In addition to the above, I also scored some signatures, but no photo ops from William Zabka and Michael Bell. For Zabka, I printed up a still from 1985’s European Vacation. He was floored that I had this photo. A convention regular, he has never signed one before. For Bell, I brought along a DVD from a movie in which he had a small role, 1977’s Rollercoaster. While he didn’t have a big part in the movie, his signature looks beautiful on my DVD cover.
Overall, it was a great show and it was nice to return to my former residence of Providence, Rhode Island. I wish there had been a few more guests that I needed to see, but fingers crossed, next year’s lineup will be even better and I’ll once again make the trek up there.
On Friday night, I attended my 14th Chiller Theatre Expo (I’ve missed just one since I began attending in 2009). It’s hard to believe there are now 14 in the books and that I’m a seasoned veteran, especially since I know there are folks out there who have been to 3x, even 4x more than I have. These intrepid fans are the real inspiration for attending. To think about just how many great stars the Chiller fans have had access to since 1990.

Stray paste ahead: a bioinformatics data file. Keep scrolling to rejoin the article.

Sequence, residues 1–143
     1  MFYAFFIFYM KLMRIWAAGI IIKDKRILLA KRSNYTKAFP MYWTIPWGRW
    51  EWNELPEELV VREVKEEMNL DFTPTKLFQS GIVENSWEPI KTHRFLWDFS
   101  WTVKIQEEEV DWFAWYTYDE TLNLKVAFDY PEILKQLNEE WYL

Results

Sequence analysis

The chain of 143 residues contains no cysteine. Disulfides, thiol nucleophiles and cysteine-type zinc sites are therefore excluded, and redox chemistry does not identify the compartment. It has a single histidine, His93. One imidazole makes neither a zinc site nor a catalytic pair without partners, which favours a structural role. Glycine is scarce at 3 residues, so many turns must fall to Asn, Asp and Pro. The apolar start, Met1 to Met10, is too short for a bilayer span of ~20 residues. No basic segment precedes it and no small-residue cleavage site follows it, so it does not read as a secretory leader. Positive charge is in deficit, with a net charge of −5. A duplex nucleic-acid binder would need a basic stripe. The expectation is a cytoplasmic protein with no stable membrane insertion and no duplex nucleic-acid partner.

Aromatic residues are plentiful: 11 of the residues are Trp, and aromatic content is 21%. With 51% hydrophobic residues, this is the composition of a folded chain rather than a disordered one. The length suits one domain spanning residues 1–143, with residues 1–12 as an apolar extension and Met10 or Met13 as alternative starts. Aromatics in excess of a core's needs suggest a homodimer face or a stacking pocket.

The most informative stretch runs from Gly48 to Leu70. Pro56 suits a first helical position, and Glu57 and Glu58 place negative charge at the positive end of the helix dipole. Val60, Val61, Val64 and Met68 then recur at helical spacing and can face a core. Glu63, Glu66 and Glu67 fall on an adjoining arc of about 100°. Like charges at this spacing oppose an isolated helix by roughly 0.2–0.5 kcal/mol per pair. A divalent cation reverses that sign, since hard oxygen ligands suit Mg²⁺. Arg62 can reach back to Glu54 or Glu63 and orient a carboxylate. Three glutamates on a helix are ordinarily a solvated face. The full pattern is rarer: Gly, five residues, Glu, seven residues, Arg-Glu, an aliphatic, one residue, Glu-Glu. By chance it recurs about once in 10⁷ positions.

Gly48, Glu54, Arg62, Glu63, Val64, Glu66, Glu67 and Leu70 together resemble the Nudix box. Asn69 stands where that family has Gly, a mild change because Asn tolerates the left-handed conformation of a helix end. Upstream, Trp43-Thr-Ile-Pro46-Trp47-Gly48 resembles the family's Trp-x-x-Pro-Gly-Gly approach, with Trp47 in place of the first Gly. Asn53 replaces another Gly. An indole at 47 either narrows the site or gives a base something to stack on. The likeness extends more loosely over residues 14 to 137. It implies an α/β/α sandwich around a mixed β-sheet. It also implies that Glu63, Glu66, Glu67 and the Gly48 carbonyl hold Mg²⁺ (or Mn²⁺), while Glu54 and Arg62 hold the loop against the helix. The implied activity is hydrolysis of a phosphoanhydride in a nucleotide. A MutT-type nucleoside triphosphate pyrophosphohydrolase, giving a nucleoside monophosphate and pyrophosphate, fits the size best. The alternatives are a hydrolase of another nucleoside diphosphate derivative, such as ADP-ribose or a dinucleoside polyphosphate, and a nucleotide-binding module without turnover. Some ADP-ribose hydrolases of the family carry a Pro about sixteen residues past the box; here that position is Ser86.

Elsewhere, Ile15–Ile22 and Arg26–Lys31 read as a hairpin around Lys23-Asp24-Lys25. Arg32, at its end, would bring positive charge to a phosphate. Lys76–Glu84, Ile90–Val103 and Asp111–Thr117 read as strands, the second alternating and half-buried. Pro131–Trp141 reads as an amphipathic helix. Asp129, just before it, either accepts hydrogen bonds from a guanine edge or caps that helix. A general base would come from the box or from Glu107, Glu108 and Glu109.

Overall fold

The evening started off on a bit of a sad note as longtime Chiller mascot, John Zacherle aka Zacherley the Cool Ghoul, had passed away peacefully the night before at the age of 98. While Zacherley was in everyone’s hearts throughout the weekend, there was still that never-ending buzz of excitement throughout the halls of Sheraton Parsippany. A rare appearance from Tim Curry, the return of Meat Loaf, Tony Orlando and Dawn together again, a Jaws 2 reunion, everyone’s favorite Jeannie – Barbara Eden, and a slew of TV and movie stars to span the decades.
I walked in the door a minute or two past 5, and began in the Skylands Suite. RK Sports Promotions had brought in three of my wants – Sasha Mitchell, Sonny Shroyer, and Dawn Wells, and I successfully banged out the three of them in around 15 minutes time. By the time I had finished with them, Ted Lange had arrived, and I crossed yet another name off my list. Despite pretty much being a “B-Lister” room, I think there were more household names in here than there were in the Living Room, and far more business transactions. All of the celebrities seemed to consistently have a customer in front of them.